Agents/dealers interested in scheduling a training in their area or having a company representative deliver the training at an already scheduled meeting should contact the following company representatives:
If you schedule a training with either BASF, Dow DuPont, or Monsanto, I would encourage you to make the other companies aware of the training planned in your area. That way, the companies can better coordinate their efforts to reach as many applicators as possible. Also, training by any of the three registrants will cover all dicamba products labeled for in-crop use to dicamba-tolerant soybean or cotton (applicators do not need to take training from the registrant of the specific dicamba product they intend to use).
In lieu of the face-to-face trainings, the companies also plan to have a web-based training that will satisfy applicator training requirements. Michael and I feel the face-to-face training will better prepare the applicators for the off-target challenges of dicamba. Web-based training can be used as a last resort if a grower is unable to attend face-to-face training. The following websites offer more information on web-based training:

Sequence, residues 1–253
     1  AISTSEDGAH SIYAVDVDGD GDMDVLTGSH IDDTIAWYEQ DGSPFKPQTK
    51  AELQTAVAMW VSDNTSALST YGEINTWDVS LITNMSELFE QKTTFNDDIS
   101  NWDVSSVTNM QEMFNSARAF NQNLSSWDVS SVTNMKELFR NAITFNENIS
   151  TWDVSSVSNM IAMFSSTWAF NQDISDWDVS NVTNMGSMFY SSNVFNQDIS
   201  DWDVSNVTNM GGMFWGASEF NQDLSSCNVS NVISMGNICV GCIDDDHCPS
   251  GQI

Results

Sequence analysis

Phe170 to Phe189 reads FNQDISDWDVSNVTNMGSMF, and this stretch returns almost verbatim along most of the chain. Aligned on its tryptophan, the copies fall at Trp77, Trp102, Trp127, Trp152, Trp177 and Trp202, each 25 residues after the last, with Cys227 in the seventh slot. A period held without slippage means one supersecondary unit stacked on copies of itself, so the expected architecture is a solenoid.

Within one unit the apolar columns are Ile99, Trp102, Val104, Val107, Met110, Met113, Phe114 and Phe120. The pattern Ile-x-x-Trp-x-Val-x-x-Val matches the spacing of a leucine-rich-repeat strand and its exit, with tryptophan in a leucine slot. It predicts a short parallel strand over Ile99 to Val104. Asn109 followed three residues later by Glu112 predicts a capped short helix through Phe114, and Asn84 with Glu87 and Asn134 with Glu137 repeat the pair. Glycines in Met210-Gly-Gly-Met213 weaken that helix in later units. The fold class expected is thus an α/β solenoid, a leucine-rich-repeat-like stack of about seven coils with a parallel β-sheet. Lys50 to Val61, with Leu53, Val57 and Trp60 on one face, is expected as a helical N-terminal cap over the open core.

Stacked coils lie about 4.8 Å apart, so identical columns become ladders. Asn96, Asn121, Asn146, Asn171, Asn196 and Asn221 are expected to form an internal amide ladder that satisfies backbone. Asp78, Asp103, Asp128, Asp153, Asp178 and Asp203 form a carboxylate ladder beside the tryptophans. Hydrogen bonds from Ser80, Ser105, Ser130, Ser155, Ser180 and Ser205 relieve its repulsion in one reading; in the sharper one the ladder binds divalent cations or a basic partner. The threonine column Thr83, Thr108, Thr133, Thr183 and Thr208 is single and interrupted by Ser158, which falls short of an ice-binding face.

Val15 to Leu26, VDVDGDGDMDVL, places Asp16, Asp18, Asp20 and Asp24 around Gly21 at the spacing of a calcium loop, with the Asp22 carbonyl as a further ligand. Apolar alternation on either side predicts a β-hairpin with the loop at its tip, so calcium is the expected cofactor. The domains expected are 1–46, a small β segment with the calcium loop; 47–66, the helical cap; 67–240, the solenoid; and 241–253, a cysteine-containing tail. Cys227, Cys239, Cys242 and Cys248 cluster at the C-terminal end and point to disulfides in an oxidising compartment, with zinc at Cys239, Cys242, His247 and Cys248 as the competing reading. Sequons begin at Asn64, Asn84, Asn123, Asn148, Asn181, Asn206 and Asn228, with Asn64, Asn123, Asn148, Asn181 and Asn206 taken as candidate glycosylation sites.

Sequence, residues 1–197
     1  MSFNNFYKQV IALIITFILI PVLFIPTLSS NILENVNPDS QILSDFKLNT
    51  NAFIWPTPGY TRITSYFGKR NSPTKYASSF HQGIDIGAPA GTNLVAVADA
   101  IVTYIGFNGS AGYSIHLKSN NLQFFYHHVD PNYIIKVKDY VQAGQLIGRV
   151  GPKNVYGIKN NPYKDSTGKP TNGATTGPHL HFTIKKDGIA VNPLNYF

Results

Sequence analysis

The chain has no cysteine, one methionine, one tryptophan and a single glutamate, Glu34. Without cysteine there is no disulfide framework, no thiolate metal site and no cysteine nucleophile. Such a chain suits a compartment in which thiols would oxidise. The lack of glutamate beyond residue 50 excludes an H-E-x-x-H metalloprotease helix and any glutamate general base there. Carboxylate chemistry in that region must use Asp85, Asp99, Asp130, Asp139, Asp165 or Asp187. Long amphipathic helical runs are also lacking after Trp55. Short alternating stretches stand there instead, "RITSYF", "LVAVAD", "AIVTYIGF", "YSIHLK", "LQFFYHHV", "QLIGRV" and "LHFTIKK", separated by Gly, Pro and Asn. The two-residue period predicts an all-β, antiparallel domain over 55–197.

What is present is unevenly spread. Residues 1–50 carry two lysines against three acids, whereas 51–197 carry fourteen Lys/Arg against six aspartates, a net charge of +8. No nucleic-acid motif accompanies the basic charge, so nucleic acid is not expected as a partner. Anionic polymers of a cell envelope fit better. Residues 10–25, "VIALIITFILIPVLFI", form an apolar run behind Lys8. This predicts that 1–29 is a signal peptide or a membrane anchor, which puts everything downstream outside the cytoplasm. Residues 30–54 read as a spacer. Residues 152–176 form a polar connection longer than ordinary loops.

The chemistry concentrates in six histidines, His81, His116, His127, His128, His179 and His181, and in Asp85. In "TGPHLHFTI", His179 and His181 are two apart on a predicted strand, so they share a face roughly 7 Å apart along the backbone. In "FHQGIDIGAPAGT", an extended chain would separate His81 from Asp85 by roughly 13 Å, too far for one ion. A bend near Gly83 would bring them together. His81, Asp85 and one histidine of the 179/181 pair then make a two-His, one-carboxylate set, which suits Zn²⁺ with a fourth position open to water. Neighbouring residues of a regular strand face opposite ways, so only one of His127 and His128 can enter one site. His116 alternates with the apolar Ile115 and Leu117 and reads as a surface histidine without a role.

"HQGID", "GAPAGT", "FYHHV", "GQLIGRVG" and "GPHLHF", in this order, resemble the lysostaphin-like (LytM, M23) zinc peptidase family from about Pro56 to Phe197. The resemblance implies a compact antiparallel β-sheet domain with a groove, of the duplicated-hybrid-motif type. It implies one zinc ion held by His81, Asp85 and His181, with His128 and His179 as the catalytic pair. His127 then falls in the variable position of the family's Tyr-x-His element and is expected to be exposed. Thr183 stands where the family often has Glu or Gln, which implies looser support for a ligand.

There are a few trainings scheduled for the area. See the link below for an announcement from Monsanto for two training sessions in Suffolk, VA on Wednesday January 31st. BASF will be training applicators at the Virginia Grains & Soybean Conference (http://www.virginiagrains.com/annualconference/). The BASF training for this meeting is schedule for Wednesday February 21st at 12:00pm. I anticipate both companies to have other training; Michael and I will keep you updated as we receive word. Please help spread the word on these trainings, as many growers still do not know that training is required. Also,I would encourage you and your applicators to pre-register for the events so folks can plan accordingly.
With that said, feel free to reach out to Michael or me if you have any questions or concerns.
Monsanto Dicamba Training Announcement